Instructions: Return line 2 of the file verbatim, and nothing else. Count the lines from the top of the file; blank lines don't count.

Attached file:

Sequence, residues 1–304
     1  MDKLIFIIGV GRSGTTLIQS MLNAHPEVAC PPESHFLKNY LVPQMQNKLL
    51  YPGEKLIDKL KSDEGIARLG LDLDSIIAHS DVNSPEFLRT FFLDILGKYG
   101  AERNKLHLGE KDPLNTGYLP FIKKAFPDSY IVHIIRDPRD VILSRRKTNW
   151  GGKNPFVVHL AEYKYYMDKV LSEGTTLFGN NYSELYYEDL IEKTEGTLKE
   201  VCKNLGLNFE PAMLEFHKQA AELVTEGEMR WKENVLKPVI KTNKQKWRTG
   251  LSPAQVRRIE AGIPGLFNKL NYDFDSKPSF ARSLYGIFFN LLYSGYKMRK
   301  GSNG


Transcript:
     1  MDKLIFIIGV GRSGTTLIQS MLNAHPEVAC PPESHFLKNY LVPQMQNKLL